Actually, I think that your greatest insight comes in item 4 – Mix It Up. The key is not to fight ADD, or even perfectionism, but to learn what our style is and adapt our writing to it. So, non-linear thinkers write differently. Being able to write in chunks can be a strength.

    My younger daughter struggles with ADD and school was difficult for her, despite her intelligence and hard work. One Christmas she made each of us a collage themed around our personal interests. I was in awe–so creative. Then I realized this was the insight I needed to understand her; she has a collage mind. This is how she sees the world. There are associations and relationships that would just never occur to us linear thinkers. Ultimately, it is that kind of creativity that the world recognizes as original, maybe even genius.

    So if we recognize the strengths of ADD and stop seeing it as a disease or a handicap, we can make it work for us. It requires some adaptive strategies, and there are still times, as you say, that we just have to suck it up, but we can still celebrate who we are!

    I hope you don’t recover, Kristen.
    All the best in Rain City.

  48. Thanks a lot, now I will forever hear Buffalo Bill telling me to write! o_o

    (great post! <3)

  49. Hey, all this sounds familair I have lived through this. I have left my fantasy writer, fiction life, behind after falling on my ass a few times. You know what ? its all good it is how we learn and learning is good. I have picked myself back up, got back on the horse and put the hours in. Have a nice time in Seattle Kristen.

    • Jess Molly on January 8, 2013 at 10:13 pm
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    Housework is a priority? Gasp! I have been messing up all these years. *bites nails*

    • Kim on January 8, 2013 at 10:54 pm
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    Yes, exercise! After I lift weights or run I can focus and get so much more done. The work is better quality too. Even though I hate lists, I make them. I like that feeling of crossing off stuff I’ve done. It makes me feel good.

  50. Reblogged this on Jessica Ralston and commented:
    I read Kristen Lamb’s blog regularly, and she just happened to hit the nail on the head today. ADD writers unite!

    • SweetSong on January 9, 2013 at 12:07 am
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    I like your science. It’s a good kind of science to have. And really, Tip 6 is a good life tip, not just a writer tip. Aaaand much as I hate to admit it, Tip 9 is the bane of my existence, but true. (Exercise is booooooring!) Anyways, awesome post!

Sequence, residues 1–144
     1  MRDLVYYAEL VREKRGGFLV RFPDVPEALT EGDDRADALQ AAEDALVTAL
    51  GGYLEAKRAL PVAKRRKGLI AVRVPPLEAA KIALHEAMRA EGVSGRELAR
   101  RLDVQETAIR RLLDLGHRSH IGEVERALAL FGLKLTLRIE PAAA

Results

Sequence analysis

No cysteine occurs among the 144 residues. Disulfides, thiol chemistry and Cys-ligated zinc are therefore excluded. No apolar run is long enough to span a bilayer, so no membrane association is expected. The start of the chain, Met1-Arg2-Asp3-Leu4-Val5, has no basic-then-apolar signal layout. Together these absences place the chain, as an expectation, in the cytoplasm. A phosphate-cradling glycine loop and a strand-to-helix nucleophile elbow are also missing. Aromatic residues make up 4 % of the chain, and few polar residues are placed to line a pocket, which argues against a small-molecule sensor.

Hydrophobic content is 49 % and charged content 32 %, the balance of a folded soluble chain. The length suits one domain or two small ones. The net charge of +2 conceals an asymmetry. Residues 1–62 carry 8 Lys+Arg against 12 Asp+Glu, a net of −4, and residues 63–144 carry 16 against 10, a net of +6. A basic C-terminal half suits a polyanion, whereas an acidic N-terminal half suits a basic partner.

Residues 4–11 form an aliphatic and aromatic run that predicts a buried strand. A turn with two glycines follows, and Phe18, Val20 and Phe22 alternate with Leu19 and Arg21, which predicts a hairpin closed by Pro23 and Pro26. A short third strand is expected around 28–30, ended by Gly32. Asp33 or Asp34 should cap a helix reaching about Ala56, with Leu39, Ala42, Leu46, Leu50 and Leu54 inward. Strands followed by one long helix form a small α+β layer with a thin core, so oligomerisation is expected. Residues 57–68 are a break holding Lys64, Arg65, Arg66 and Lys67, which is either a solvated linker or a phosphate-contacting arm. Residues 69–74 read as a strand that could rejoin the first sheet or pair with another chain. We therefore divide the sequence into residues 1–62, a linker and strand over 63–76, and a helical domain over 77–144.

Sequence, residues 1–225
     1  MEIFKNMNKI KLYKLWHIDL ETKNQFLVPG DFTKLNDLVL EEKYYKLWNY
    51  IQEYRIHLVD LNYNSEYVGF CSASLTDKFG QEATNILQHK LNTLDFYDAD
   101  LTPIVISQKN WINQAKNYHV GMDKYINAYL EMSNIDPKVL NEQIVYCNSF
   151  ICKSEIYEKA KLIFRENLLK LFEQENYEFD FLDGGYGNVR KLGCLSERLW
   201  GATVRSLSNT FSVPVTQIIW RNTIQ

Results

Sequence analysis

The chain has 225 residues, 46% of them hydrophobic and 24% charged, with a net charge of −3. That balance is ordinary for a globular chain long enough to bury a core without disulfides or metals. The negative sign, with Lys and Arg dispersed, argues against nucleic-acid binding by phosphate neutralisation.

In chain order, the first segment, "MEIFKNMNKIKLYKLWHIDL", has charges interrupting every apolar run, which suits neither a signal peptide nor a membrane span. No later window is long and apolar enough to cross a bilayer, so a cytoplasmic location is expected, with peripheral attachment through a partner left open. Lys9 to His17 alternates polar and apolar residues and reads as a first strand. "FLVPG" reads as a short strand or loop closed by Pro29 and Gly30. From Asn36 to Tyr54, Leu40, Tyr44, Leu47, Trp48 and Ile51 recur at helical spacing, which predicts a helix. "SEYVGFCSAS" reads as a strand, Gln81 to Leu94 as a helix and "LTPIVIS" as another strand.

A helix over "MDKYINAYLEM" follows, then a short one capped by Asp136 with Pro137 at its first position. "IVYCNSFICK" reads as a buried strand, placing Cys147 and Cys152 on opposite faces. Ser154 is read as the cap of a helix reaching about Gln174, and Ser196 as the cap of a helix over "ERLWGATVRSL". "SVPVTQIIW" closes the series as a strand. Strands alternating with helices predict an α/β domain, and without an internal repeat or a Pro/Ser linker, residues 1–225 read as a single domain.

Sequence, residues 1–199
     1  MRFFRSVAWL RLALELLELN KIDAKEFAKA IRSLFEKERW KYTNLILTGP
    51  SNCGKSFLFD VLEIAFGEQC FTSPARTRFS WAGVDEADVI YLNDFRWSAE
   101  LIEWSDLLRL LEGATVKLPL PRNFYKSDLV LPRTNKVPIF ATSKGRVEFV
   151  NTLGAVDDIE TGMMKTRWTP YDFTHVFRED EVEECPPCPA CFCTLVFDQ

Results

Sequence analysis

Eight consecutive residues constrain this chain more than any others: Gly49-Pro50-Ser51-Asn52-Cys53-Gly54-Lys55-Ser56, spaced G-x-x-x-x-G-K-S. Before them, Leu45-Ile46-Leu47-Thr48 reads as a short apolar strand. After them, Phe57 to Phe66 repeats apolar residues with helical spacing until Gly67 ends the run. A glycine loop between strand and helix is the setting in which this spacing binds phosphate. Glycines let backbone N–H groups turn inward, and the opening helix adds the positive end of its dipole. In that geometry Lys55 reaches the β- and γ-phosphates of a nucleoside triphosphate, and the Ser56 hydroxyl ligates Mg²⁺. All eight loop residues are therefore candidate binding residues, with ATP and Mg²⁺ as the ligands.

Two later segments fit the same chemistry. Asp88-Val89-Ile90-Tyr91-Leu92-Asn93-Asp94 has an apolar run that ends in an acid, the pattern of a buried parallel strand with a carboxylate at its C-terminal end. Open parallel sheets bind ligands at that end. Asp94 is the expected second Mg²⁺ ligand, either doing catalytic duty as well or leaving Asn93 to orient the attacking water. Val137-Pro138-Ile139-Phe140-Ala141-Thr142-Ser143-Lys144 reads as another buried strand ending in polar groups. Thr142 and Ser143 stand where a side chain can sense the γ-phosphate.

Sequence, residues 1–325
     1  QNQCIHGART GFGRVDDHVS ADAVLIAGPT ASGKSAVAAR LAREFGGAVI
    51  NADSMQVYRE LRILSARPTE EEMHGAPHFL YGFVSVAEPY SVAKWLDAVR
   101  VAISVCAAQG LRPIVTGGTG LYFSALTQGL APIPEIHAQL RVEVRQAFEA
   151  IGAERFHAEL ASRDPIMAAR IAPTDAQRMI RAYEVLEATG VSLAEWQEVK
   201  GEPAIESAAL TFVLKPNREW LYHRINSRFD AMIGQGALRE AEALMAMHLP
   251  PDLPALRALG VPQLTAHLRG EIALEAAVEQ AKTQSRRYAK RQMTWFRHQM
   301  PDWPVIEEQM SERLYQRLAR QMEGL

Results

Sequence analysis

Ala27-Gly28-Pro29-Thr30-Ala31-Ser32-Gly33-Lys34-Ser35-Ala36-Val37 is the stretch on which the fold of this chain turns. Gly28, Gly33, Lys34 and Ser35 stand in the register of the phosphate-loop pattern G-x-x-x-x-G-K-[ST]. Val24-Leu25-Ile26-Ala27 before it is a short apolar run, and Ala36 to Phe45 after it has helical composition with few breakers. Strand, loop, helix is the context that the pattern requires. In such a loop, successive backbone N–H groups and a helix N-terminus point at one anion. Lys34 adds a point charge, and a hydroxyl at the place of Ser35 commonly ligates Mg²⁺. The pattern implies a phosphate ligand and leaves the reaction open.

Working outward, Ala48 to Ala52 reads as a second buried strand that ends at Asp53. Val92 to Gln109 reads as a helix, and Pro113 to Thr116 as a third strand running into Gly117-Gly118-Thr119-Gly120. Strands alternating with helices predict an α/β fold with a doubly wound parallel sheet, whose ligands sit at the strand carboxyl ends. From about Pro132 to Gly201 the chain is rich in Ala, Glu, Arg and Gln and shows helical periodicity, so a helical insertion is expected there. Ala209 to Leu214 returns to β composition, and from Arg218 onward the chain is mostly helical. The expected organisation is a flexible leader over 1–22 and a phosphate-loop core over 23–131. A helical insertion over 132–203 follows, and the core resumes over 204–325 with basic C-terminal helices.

51. Fanfreakintastic. Thank you!

    • AME on January 9, 2013 at 1:08 am
    • Reply

    Awesome. Thanks. As a biology post-doctoral researcher (writing science manuscripts) and a hopeful children’s book author and mom of a 4 year old, I really really needed to read this. It’s going up on the wall of my cubicle! THANKS!

  52. Rename your to-do list Ta-DA!

    It helps the inner child find fun in the oh-so-mundane tasks. A bit like those times when a five YO begs to do the dishes or push the steam cleaner around the bathroom floor.

    I haven’t been around much lately, Kristen. I committed to writing instead of bebopping the blogs I love.

    “So! How did that go?” [You don’t ask, so I ask for you.]

    Ask my MasterCard balance. It so loved the sleight-of-cash rides down those nifty machines at The Sassy Flamingo.

    [Pssst. It’s your kind of place. Too fun! And, funky.]

  53. Just wanted to say I signed up to receive your blog fairly recently, and have been enjoying it! I love your humor; it is refreshingly different from other blogs who take a very dry approach to helping authors. I’m not ADD (as far as I know), but I have a hard time staying on track with writing when email, tons of blog articles to read, that second cup of coffee, restlessness (so I need to exercise, but don’t), my dog, my cat, and the mailman are all calling to me. Distractions abound in my life, and then I beat myself up for not getting things accomplished. I do make lists, as you suggest, and I drink my fair share of water, but it seems like for one step forward I take forty back. Maybe I need to consult with a time manager, or something. Does anyone have any ideas?

  54. Great list! I need more mean writer friends and to drink more water and to follow the rest of your list.

  55. I have a list of things to do day by day. I have a small stand-up day planner where I write down what I want to do for each day a week in advance. If I get it done, I am happy. I also have a little pad with a weekly and monthly to-do list for my writing and it has a column with ‘Done’ on it. (Got this idea from DD Scott). When I have done the list, I tick them off. So hopefully by end of the month, I have all ticks and am v happy.